2Financial Modeling - www.neteffect.in
Note, however, that it is possible to achieve the fair market value for a business asset that is beingliquidated in its secondary market. This underscores the difference between the standard and premiseof value.These assumptions might not, and probably do not, reflect the actual conditions of the market inwhich the subject business might be sold. However, these conditions are assumed because they yielda uniform standard of value, after applying generally-accepted valuation techniques, which allowsmeaningful comparison between businesses which are similarly situated.Elements of business valuationEconomic conditionsA business valuation report generally begins with a description of national, regional and localeconomic conditions existing as of the valuation date, as well as the conditions of the industry inwhich the subject business operates. A common source of economic information for the first section of
the business valuation report is the Federal Reserve Board’s Beige Book, published eight times a year
by the Federal Reserve Bank. State governments and industry associations often publish usefulstatistics describing regional and industry conditions.In finance,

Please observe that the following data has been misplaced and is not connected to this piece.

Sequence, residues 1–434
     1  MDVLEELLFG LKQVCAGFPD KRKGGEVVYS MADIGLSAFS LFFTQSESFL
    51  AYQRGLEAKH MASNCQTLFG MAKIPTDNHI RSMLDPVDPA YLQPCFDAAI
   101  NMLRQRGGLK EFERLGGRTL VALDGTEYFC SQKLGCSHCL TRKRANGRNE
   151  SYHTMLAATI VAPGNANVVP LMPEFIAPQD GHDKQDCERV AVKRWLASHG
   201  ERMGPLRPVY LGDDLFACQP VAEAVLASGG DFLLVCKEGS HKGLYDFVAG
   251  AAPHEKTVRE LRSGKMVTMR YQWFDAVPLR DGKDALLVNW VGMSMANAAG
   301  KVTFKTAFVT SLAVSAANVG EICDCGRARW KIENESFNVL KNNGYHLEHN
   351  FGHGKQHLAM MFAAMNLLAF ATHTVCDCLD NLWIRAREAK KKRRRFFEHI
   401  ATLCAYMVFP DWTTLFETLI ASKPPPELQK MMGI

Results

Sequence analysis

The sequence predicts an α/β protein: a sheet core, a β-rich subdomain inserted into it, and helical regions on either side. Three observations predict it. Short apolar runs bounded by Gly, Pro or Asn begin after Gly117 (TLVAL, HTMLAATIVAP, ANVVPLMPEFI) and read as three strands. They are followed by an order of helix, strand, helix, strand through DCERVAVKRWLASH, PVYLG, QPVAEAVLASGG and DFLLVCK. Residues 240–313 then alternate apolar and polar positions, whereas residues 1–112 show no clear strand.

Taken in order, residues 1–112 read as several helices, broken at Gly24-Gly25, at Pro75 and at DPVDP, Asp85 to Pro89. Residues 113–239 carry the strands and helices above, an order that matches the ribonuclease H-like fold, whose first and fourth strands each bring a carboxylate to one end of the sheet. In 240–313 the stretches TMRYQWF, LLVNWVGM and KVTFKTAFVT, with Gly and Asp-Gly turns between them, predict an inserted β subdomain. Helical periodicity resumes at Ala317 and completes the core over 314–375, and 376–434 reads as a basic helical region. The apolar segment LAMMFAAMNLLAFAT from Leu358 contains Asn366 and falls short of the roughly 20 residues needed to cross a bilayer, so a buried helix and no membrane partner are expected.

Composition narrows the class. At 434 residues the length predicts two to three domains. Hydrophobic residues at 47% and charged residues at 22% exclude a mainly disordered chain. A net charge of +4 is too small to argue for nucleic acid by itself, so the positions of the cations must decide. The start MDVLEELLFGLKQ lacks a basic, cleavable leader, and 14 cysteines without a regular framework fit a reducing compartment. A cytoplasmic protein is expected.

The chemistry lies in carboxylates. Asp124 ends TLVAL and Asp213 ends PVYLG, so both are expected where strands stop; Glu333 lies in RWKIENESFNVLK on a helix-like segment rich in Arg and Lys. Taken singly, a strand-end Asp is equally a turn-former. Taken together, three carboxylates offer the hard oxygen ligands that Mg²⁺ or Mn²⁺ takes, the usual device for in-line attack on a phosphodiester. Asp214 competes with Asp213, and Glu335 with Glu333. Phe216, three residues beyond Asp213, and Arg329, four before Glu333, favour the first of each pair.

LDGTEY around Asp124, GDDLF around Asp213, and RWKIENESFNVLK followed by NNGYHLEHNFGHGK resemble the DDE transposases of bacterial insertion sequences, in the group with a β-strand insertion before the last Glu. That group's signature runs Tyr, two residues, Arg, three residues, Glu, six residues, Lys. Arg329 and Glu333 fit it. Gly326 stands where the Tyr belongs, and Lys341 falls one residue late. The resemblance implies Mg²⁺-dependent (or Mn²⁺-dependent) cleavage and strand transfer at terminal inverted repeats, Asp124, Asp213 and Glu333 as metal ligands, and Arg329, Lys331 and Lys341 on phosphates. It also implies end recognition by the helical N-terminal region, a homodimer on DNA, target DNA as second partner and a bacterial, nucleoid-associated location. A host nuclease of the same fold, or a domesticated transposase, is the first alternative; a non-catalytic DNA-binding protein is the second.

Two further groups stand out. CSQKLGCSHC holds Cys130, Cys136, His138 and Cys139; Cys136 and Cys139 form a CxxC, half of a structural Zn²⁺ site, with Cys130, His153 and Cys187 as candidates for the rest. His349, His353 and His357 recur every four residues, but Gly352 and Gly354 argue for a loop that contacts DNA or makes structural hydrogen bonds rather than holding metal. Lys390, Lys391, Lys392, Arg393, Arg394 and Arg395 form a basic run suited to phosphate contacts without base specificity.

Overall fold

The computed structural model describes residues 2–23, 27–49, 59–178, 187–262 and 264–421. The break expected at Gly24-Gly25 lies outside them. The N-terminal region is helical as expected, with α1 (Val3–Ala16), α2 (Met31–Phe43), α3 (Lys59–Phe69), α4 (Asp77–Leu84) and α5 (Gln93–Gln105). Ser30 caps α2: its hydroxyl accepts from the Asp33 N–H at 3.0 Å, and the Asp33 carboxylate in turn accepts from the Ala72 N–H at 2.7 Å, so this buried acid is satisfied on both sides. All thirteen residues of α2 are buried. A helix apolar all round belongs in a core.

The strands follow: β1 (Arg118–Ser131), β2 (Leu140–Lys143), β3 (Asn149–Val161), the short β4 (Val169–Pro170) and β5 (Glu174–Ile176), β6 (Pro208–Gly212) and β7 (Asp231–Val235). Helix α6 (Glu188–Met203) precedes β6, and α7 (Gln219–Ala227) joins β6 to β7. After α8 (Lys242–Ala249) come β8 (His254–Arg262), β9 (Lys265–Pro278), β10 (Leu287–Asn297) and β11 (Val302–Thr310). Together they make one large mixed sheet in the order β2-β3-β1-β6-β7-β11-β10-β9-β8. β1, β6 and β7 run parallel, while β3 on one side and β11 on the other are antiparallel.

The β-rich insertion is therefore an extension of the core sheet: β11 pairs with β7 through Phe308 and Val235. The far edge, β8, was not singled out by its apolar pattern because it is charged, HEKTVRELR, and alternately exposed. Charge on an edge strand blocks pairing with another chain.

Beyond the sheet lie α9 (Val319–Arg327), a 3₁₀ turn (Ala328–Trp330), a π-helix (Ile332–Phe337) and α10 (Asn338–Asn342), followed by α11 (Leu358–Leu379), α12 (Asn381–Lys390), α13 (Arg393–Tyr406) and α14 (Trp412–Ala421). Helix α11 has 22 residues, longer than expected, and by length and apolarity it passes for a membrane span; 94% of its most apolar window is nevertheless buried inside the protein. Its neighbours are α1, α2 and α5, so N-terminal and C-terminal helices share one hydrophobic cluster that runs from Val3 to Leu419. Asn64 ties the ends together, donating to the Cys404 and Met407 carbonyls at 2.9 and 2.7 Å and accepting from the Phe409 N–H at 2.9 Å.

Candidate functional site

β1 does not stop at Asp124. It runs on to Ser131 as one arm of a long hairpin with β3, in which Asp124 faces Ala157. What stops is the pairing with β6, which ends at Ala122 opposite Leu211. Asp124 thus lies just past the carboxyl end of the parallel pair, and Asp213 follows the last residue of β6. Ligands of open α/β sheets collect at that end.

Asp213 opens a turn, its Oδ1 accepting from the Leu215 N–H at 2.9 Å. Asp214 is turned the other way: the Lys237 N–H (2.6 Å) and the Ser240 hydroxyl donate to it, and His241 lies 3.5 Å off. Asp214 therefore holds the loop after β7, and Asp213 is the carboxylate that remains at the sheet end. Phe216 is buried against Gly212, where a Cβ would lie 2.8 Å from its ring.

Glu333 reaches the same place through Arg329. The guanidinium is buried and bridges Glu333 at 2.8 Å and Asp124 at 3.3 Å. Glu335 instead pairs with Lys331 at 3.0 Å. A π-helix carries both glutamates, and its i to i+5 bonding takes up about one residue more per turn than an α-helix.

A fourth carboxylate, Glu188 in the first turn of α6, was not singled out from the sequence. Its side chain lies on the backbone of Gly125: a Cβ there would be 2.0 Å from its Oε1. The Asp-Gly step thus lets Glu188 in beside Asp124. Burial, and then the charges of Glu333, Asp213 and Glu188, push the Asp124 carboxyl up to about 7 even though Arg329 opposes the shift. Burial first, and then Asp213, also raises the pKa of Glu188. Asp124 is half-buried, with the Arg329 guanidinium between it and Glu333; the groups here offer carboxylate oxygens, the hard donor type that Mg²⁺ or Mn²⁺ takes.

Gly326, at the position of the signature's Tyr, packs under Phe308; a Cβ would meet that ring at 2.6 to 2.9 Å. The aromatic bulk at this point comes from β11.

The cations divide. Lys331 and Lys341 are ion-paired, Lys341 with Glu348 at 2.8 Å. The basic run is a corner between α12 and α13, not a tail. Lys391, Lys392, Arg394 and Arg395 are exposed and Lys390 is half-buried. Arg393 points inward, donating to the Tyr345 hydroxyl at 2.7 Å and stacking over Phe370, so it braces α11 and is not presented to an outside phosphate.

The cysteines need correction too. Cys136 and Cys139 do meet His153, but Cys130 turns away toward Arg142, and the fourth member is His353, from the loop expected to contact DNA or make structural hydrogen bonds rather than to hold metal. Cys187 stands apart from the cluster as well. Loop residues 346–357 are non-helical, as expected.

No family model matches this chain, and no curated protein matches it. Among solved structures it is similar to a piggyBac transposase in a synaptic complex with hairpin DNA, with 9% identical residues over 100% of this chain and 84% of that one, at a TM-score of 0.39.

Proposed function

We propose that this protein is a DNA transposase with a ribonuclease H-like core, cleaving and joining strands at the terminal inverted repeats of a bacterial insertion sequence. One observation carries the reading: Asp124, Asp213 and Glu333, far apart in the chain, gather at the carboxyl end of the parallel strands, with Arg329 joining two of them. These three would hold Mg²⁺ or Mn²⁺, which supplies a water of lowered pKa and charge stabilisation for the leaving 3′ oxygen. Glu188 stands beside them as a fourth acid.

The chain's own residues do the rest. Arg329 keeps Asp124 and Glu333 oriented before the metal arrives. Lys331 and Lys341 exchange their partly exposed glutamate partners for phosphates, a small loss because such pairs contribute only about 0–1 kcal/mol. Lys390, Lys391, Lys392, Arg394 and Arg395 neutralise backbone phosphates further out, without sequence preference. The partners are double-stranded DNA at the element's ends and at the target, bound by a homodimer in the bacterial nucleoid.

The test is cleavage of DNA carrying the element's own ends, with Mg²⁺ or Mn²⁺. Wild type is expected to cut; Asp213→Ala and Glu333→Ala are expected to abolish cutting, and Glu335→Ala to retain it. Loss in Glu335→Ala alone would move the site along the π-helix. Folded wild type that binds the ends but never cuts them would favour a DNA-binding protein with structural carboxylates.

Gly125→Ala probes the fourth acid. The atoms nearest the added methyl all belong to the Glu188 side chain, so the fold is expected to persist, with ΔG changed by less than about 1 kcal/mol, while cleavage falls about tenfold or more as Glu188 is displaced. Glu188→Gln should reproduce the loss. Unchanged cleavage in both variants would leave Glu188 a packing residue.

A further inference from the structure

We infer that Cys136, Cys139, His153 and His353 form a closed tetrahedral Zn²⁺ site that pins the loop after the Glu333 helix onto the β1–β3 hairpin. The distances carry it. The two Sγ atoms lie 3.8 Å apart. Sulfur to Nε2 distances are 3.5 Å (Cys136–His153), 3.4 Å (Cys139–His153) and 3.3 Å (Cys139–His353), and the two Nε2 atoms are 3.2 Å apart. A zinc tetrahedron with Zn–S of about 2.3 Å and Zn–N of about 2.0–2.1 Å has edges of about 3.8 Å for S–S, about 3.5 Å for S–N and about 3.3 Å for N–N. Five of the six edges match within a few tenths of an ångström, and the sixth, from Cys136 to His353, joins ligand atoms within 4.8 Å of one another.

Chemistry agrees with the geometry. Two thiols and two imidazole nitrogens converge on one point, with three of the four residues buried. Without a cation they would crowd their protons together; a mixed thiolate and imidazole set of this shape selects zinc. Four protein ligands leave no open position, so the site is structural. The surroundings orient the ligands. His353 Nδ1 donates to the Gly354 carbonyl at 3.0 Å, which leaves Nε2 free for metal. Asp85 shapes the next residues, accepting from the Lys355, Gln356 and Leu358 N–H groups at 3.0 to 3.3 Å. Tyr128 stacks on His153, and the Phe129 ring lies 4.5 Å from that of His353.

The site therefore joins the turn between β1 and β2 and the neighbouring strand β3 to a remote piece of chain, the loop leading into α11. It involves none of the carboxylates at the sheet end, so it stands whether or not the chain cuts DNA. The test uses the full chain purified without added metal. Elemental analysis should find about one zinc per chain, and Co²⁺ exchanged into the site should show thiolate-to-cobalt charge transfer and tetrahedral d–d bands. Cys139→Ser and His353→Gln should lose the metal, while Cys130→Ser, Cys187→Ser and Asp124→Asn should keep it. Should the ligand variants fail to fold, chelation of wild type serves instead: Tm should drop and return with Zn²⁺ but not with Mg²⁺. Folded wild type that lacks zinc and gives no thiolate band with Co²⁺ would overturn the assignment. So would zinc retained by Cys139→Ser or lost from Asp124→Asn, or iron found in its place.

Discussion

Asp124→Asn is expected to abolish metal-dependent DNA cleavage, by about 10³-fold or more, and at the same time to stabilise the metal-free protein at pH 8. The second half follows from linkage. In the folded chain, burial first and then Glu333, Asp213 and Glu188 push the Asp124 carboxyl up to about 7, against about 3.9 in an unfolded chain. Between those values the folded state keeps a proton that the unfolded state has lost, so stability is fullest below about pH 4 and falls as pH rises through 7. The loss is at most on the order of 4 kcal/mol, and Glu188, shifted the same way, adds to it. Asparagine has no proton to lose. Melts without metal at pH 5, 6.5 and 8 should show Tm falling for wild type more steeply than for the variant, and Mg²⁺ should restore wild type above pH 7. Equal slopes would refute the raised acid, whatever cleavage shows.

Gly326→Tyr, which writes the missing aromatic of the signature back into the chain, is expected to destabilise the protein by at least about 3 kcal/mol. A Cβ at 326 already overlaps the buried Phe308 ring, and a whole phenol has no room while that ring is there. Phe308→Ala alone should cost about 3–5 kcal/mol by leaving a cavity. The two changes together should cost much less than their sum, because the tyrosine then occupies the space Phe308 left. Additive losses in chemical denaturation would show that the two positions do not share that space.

is the process of estimating the potential market value of a financial asset orliability. Valuations can be done on assets (for example, investments in marketable securities such asstocks, options, business enterprises, or intangible assets such as patents and trademarks) or onliabilities (e.g., Bonds issued by a company). Valuations are required in many contexts includinginvestment analysis, capital budgeting, merger and acquisition transactions, financial reporting, taxableevents to determine the proper tax liability, and in litigation.
Valuation of financial assets is done using one or more of these types of models:1.
Relative value models determine the value based on the market prices of similar assets.2.
Absolute value models determine the value by estimating the expected future earnings fromowning the asset discounted to their present value.3.
Option pricing models are used for certain types of financial assets (e.g., warrants, put options,call options, employee stock options, investments with embedded options such as a callablebond) and are a complex present value model. The most common option pricing models are theBlack-Scholes-Merton models and lattice models.Common terms for the value of an asset or liability are fair market value, fair value, and intrinsic value.The meanings of these terms differ. The most common sets market price. For instance, when an analystbelieves a stock's intrinsic value is greater than its market price, the analyst makes a "buy"recommendation and vice versa. Moreover, an asset's intrinsic value may be subject to personal opinionand vary among analysts.For a comprehensive discussion on financial valuation see Aswath Damodaran,
,(New York: John Wiley & Sons, 2002).